Life and Death and Decay and Our Town

I’m aging.  I’m damaged goods.  I’ve hit the mid fifties, and while we may not admit it very often, we’re all damaged goods by this point.  With me, the chief vandals have been time and Parkinson’s disease. I try not to think about it all that much, but every morning the difficulty I have getting out of bed serves as a daily reminder that I don’t function as well as I used to, that I’m not who I used to be.

I don’t dwell on these facts, and I try my best not to let them get me down.  They are simply things that are part of my life now.   Like the Deep Brain Stimulator, or the neuro transmitter installed in my chest that sends signals to the electrodes implanted in my brain. It helps much of my Parkinson’s experience, but there are side effects, including my speech.   My movement disorders specialist has given me a device with a range of settings that I can use to control the signals sent to my brain so I can adjust them to minimize the side effects if, for example, I am going to be speaking in public.   Today, for example, I videotaped two recordings of me reading the first paragraph of Chapter 15 of my novel “Ojibway Valley” with minor tweaks to my settings.  My intent was to upload them to this post and share them, but I quickly learned that I’d have to pay for a Word Press update, which I’m not ready to do just yet.

So it is that these things just become a part of my life now, and things I used to take for granted I can’t anymore.  But that’s not a big deal, it happens to everyone – it’s just that mine are a little more dramatic and unusual than most people’s changes.

We all change, every day, more significantly and quickly than we might care to admit.  We lose a little hair, we add an inch or two to our midsection.  Here is a quick photo tour of certain points of my evolution (or devolution?):

4th birthday

On my 4th birthday

jenny & i number one

My sister and I ready for battle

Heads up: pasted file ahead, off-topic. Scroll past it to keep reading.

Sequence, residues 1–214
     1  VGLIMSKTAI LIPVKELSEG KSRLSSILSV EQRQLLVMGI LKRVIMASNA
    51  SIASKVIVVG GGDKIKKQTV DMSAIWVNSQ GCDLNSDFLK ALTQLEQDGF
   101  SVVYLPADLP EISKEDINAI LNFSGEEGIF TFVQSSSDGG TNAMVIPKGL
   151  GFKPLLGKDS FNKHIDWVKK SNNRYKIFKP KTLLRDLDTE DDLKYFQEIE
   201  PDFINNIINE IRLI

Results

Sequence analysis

At age 18 - maybe the first sign of abnormal brain was a canoe paddle sticking out of my head.

At age 18 – maybe the first sign of an abnormal brain condition was a canoe paddle sticking out of my head.

On the radio show "Speaking of our Words", with Chris Deguire and Lisa Adamowicz Kless

On the radio show “Speaking of our Words”, with Chris Deguire and Lisa Adamowicz Kless of the Kenosha Writer’s Guild

Recent selfy, practicing my stink-eye

Recent selfy, practicing my stink-eye.  The canoe paddle may have been removed but defects and malfunctions are still apparent

I’ve been thinking about these things because recently I re-read the great American play, “Our Town,” by Thornton Wilder.   “Our Town” takes a look at life and death in a small New England town called Grover’s Corners shortly after the beginning of the 20th century.  The first act is about everyday life, act two is about love and marriage, and act three is about death and dying.  The third act is incredibly powerful.  It is only when considered against death that life becomes meaningful, that we are granted the perspective to view it with.

My familiarity with the play goes back about forty years now, beginning with a production by my high school drama club in the mid seventies.  I’ve seen a few performances of it now on television, the most memorable being a made for television production from the late seventies with Hal Holbrook playing the pivotal role of the Stage Manager, our guide into the world Wilder created.    It’s a unique character in that Wilder uses him to break down the wall between the players and the audience, and he weaves in and out of the action of the play, interacting equally with the characters and the audience.   The play is written to be performed with minimal set design, the actors miming most of their actions.  These devices work extraordinarily well and, by using the audience’s imagination, highlight the timeless universality of Wilder’s words.  We all form our own image of Grover’s Corners, because we all have experience with the moments he chooses to linger on.